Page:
But that’s not my problem here. My problem is the Japanese Space Agency itself, for as the articles make clear, the agency plans to land its Hayabusa-2 probe on the surface of this asteroid (which, incidentally, is spinning), but to take sample, and then return them to Earth. As you might have guessed, this is the occasion for my daily jump to the end of the twig of our trademark High Octane SpeculationTM. First, there’s the name of the asteroid itself. Citing the first article shared by Mr. P.J.:

Ryugu’s shape isn’t the only association it has with myth and lore surrounding dragons; according to Spaceflight Now, its name is also evocative of these mythical creatures, borrowed from “an undersea dragon’s palace visited by Urashima Taro, a fisherman in a Japanese folk story who brings back a mysterious treasure box from the underwater castle.”

Hayabusa2 was launched in 2014, and in the days since photographs were obtained of Ryugu’s unusual shape, the spacecraft has closed its distance to approximately 20 km, with the objective of landing and extracting material for analysis, which it will retrieve and bring to Earth by the end of 2020.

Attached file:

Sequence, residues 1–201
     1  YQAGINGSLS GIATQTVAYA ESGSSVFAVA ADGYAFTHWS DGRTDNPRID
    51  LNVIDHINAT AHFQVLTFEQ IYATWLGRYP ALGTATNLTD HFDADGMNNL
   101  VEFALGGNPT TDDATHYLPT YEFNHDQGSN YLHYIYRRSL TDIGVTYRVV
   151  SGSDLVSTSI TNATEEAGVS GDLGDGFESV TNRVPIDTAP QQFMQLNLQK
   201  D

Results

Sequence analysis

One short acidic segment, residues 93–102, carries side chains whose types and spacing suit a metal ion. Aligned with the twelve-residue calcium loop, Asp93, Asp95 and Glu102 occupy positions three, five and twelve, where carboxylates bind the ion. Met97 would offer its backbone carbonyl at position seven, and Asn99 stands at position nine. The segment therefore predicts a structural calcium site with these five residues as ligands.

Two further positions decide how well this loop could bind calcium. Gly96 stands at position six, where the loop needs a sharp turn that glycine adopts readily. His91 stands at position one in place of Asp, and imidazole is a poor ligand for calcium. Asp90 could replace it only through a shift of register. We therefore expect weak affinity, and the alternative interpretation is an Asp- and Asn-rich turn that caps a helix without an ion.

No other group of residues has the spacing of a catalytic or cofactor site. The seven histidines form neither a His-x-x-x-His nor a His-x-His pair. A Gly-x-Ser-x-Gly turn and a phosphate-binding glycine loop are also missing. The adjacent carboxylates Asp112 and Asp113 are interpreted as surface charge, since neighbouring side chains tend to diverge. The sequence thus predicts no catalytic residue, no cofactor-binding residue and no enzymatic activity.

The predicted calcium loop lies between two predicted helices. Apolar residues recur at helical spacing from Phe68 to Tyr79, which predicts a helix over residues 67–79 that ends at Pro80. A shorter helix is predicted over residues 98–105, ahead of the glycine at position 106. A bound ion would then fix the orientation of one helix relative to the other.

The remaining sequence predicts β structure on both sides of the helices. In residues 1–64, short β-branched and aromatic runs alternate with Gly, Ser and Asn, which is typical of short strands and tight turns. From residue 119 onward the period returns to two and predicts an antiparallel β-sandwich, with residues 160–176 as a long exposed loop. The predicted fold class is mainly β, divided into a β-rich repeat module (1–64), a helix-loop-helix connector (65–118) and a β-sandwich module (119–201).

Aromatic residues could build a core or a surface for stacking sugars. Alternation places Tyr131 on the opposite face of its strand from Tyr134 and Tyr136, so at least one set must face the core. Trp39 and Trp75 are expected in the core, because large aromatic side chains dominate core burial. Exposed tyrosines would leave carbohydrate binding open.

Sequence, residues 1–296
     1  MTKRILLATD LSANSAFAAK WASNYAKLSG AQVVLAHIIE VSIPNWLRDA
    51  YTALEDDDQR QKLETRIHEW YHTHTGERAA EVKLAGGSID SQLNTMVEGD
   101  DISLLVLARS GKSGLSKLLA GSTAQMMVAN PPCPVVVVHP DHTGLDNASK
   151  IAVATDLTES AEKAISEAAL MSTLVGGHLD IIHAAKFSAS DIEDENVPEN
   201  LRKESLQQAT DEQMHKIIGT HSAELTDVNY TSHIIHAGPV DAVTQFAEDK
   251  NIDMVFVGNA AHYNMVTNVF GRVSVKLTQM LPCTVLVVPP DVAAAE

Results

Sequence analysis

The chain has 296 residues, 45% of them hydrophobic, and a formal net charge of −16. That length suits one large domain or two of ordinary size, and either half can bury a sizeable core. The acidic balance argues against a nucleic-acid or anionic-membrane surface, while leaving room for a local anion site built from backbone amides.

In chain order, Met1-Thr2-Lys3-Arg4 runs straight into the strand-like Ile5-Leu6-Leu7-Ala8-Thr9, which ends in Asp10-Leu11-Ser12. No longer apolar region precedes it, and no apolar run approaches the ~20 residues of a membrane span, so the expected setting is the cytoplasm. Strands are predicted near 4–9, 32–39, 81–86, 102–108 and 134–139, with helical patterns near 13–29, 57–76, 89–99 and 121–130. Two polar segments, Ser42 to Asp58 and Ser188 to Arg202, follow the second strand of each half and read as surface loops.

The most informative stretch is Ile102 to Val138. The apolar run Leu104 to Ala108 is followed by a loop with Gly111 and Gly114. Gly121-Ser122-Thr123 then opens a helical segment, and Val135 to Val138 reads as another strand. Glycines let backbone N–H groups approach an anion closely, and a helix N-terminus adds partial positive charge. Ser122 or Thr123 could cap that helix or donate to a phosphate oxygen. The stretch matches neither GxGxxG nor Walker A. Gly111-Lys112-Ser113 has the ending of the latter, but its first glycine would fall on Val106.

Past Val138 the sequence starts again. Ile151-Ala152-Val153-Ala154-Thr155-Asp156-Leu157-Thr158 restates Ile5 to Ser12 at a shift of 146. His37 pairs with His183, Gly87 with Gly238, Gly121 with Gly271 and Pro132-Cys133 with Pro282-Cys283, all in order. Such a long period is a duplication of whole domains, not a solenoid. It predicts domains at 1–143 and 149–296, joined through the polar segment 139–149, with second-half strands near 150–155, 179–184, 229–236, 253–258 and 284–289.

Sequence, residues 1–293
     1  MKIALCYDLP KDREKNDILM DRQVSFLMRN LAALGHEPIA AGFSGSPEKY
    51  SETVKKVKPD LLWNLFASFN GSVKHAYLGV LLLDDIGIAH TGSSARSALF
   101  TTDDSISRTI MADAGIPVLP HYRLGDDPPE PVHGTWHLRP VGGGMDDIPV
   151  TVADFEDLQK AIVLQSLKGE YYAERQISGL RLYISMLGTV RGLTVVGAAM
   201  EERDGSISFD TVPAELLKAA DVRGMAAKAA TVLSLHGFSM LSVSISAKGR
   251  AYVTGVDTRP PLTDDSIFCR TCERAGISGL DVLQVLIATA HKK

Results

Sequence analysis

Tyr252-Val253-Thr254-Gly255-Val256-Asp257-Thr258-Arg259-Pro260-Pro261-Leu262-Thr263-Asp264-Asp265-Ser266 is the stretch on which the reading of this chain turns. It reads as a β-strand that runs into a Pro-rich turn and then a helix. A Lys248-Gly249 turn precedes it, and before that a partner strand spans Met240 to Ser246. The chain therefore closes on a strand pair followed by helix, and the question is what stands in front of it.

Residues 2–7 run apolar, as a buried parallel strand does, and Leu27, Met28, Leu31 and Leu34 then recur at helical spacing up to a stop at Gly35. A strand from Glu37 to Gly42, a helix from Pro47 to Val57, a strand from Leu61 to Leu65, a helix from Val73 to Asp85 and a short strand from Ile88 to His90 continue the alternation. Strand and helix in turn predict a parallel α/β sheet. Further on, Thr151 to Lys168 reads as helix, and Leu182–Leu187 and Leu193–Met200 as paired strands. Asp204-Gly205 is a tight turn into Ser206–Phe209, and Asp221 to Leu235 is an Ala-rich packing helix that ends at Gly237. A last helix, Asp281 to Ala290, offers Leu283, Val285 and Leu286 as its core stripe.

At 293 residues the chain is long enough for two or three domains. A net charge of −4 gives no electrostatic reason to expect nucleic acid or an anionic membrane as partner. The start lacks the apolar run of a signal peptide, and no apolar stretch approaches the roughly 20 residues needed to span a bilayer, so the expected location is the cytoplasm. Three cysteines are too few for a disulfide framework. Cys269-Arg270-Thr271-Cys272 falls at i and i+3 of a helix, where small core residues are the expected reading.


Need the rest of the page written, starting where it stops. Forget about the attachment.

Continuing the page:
So the asteroid is named for a piece of Japanese folklore about a fisherman bringing back a treasure box from a dragon’s underwater castle. Now, I’ve written in some of my books, most notably The Cosmic War: Interplanetary Warfare, Modern Physics, and Ancient Texts, that the idea of the ocean or abyss was often used as a metaphor for space itself; thus, a “castle under water” could be taken to mean a “castle under the abyss”, i.e., in space. But whatever my speculations, the Japanese Space Agency clearly had both the folklore, and the castle, clearly in mind when it named this object, which, for its apparently artificial “look”, could be taken to be an artificial object like a castle, with the “treasure box” being whatever the probe might manage to scoop up and return to Earth. The asteroid itself is a little less than a mile across, being almost a kilometer in width.